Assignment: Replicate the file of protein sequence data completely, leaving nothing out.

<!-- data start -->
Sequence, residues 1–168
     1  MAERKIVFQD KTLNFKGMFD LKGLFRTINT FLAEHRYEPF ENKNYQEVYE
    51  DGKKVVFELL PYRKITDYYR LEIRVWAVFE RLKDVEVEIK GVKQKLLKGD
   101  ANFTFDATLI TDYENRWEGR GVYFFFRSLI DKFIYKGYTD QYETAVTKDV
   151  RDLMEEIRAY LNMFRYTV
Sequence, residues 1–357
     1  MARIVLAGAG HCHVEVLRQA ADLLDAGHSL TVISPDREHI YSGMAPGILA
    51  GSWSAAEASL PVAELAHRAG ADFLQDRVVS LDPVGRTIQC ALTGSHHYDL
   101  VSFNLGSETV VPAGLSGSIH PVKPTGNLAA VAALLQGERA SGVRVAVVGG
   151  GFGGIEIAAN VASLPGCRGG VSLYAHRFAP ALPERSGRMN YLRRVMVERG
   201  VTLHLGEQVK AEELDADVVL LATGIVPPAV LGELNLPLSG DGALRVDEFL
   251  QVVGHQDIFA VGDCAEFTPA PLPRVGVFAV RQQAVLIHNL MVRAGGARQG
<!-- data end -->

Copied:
Sequence, residues 1–168
     1  MAERKIVFQD KTLNFKGMFD LKGLFRTINT FLAEHRYEPF ENKNYQEVYE
    51  DGKKVVFELL PYRKITDYYR LEIRVWAVFE RLKDVEVEIK GVKQKLLKGD
   101  ANFTFDATLI TDYENRWEGR GVYFFFRSLI DKFIYKGYTD QYETAVTKDV
   151  RDLMEEIRAY LNMFRYTV
Sequence, residues 1–357
     1  MARIVLAGAG HCHVEVLRQA ADLLDAGHSL TVISPDREHI YSGMAPGILA
    51  GSWSAAEASL PVAELAHRAG ADFLQDRVVS LDPVGRTIQC ALTGSHHYDL
   101  VSFNLGSETV VPAGLSGSIH PVKPTGNLAA VAALLQGERA SGVRVAVVGG
   151  GFGGIEIAAN VASLPGCRGG VSLYAHRFAP ALPERSGRMN YLRRVMVERG
   201  VTLHLGEQVK AEELDADVVL LATGIVPPAV LGELNLPLSG DGALRVDEFL
   251  QVVGHQDIFA VGDCAEFTPA PLPRVGVFAV RQQAVLIHNL MVRAGGARQG